Las Vegas casinos have a reputation for having strict policies prohibiting photography. Those policies can suck it.
Photography is a great way to capture and remember our experiences, so knowing how to dance around antiquated guidelines can be very useful during a Las Vegas visit.
Here, then, are 10 tips for taking photos in any casino while avoiding run-ins with casino security, law enforcement and The Man. Let the security breaches begin!
1. Use the Smallest Camera Possible
In Las Vegas, size matters. One of the keys to taking photos in casinos is to avoid being noticed. The smaller the camera, the better. Smartphone cameras tend to blend in, while larger, DSLR cameras can draw unwanted attention. Casino security is on the lookout for what’s considered “professional quality equipment,” so use your phone’s camera whenever possible.
2. Take Stills, Not Video
Just as a small camera is preferable to a larger one, still photography is less problematic than video, even if it’s taken on the same camera. Don’t push your luck. A snap is less likely to be noticed than a pan.
3. Turn Off Your Flash
This is a biggy. Using a flash is like a giant neon sign over your head that screams, “This person is violating the rules. Use your Taser on them immediately.” Every camera has the ability to override the automatic flash, so simply turn the flash off. It means you’ll have to hold the camera still to avoid motion blur, but you’ll get better at it with practice. (Try resting your camera on something to keep it steady, or tuck your elbow in and use your arm like a tripod.)
4. Never Use a Tripod
Speaking of tripods, they’re an absolute no-no in casinos. This is the one rule that makes sense on the part of casinos. Tripod legs are a danger to other guests who are often either drunk or distracted by all the shiny things in a casino. Tripods also fall into the “professional quality equipment” category, so leave them in your hotel room so they’re handy for the homemade porn. Not that anyone would do that kind of thing in a Las Vegas hotel room, of course.
5. Work Quickly and Keep Moving
It’s easy to discreetly take a few photos and move on, but if you linger, you risk being stopped and questioned by security. Think through where you need to be for your photo so you get it right the first time. It’s not a photo shoot, and the longer it takes the more likely you’ll be chastised by an employee or security.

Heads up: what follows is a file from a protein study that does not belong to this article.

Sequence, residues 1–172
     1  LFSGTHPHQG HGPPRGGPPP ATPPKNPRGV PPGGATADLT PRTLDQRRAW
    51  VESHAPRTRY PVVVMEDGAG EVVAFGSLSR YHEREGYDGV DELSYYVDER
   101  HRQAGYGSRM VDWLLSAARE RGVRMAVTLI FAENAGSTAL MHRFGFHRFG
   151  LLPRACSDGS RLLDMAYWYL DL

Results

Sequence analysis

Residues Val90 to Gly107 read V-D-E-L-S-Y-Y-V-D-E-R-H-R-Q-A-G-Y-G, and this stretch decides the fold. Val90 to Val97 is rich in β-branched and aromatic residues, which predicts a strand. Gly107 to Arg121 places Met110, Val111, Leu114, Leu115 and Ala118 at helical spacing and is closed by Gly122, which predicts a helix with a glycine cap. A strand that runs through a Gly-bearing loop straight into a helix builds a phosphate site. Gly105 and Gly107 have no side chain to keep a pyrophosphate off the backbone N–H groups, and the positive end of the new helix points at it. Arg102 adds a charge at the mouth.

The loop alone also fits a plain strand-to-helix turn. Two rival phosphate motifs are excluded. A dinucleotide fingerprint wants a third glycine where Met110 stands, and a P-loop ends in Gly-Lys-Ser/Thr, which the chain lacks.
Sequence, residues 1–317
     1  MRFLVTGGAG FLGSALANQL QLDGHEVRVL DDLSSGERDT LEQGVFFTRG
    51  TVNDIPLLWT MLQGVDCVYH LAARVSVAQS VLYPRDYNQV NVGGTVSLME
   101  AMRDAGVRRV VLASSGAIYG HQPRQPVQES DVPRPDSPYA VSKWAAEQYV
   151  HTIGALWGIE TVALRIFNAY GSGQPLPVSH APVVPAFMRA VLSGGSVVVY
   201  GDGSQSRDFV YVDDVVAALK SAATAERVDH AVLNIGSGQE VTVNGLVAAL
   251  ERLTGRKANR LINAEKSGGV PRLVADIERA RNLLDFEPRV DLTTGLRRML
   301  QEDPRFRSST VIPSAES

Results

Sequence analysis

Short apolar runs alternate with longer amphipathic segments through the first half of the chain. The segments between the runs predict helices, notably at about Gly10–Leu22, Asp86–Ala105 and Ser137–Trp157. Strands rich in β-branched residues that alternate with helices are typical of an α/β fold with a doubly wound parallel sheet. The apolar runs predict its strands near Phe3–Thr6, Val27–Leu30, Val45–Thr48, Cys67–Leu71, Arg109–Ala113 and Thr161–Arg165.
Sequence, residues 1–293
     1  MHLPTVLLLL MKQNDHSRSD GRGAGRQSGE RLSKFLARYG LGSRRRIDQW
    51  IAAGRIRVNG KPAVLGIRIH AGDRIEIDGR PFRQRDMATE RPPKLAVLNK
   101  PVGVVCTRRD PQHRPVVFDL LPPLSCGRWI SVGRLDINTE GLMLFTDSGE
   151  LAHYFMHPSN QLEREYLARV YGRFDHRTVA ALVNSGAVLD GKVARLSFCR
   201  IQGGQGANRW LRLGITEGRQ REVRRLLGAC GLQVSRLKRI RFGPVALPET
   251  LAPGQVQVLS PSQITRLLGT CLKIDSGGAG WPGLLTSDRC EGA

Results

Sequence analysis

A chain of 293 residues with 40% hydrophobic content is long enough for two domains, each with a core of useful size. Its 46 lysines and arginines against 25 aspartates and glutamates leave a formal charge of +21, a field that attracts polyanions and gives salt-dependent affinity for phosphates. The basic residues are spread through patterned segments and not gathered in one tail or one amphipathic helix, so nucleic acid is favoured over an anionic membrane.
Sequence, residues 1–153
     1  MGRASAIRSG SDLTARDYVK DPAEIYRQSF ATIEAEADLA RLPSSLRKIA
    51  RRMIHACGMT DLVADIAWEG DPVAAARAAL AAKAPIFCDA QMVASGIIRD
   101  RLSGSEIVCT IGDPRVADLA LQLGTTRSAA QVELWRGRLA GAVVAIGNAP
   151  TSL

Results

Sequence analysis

6. Play Dumb, Drunk or Pretend You’re Hard of Hearing
Seriously. These strategies are the key to successful photography on a casino floor. Hit your spot and start snapping. Chances are someone on staff will say, “No photography!” Yes, it’s almost always with an exclamation point. Do not acknowledge the person. Keep snapping. They’ll shout again, probably louder. As you continue snapping (you should have dozens of photos by this time), turn and say, “I’m sorry, what did you say?” You’ll get the “No photography” thing again. Then say, “I didn’t realize I couldn’t take a photo here.” You get bonus points if you add this to help smooth things over, “I’m so drunk, I can’t figure out how to use the camera, anyway.” You have your photos, the employee has done their due diligence and everyone’s happy.
7. Never Shoot the Cage
While these tips apply to 99% of a casino, all bets are off when it comes to the cashier cage. Most casinos use security concerns as an excuse to ban photography, but that reason is outdated and misguided. Casino thieves don’t need photos to case a joint. These tips might work for cage photos, too, but why tempt fate? Steer clear.
8. Avoid Photographing Guests
As mentioned, casinos often cite security as the reason photography is prohibited, but the real reason they don’t like photography is related to customer privacy. Casinos know people are often in casinos that shouldn’t be, and are often with people they shouldn’t be with (like mistresses or even prostitutes). We’ve taken thousands of photos inside casinos, often including guests, without incident, but do as we say not as we do.
9. Find Photography-Friendly Casinos
Bans on photography aren’t universal in Las Vegas casinos, and some casinos are downright welcoming of photography. Harrah’s Las Vegas, for example, welcomes photography as long as the photos aren’t of customers. Four Queens, downtown, actually has signs encouraging photography.
10. Always, Always Be Polite
If you’re approached by a casino employee, always be polite and never let the interaction get confrontational. Security guards tend to get overzealous, and tensions can escalate quickly. If it does, you’ll lose, so just be nice. If asked, explain your photos are for personal use, not commercial. Never offer to delete photos you have already taken, and do not let security review your photos, as they do not have the legal right to do so. Odds are you’ll be treated like a child being scolded, but keep calm and don’t take it personally. Ask to speak to a manager, and sort it out with someone higher on the food chain. In the vast majority of cases, if you’re nice, and avoid acting like you’re doing research for an “Ocean’s Elven”-style robbery, you’ll be reminded of the rules about photography and be sent on your way.
Here’s the bottom line: We’ve never heard of a case of someone being kicked out of a casino for taking photos. Turn off your flash, stay away from the cage, work quickly, act dumb and keep things light if you’re confronted by a casino employee.
We’d love to hear your casino photography stories, especially if they involve pretending to be drunk. Because you’re nearly as adorable when you’re pretend drunk as when you’re actual drunk.